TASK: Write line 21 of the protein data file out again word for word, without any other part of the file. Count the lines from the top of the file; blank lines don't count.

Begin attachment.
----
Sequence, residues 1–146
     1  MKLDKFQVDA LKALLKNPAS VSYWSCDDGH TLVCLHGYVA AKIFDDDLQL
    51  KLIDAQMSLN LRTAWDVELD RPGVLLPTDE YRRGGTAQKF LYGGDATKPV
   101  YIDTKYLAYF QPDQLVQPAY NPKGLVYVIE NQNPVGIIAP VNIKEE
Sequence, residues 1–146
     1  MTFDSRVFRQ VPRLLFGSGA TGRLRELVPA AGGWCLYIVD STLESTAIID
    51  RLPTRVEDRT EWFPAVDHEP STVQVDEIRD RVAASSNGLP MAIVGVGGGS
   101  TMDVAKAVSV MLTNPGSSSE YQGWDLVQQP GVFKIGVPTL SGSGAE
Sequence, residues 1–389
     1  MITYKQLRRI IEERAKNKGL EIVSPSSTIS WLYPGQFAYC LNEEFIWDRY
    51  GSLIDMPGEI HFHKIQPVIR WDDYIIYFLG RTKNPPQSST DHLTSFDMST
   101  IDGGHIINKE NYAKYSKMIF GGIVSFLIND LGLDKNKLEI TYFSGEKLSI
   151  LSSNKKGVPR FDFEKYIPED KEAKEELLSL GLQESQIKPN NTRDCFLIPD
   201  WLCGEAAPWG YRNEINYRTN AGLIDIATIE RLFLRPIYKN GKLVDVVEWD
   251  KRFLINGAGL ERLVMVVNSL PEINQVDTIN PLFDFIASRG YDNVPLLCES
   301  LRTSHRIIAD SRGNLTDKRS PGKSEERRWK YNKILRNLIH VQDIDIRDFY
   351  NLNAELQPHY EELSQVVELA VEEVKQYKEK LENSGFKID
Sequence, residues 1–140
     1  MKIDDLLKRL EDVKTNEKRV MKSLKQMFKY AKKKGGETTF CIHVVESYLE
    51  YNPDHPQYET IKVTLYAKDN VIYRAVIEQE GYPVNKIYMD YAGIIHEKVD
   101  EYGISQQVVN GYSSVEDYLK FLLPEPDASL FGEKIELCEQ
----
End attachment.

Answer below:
   101  EYGISQQVVN GYSSVEDYLK FLLPEPDASL FGEKIELCEQ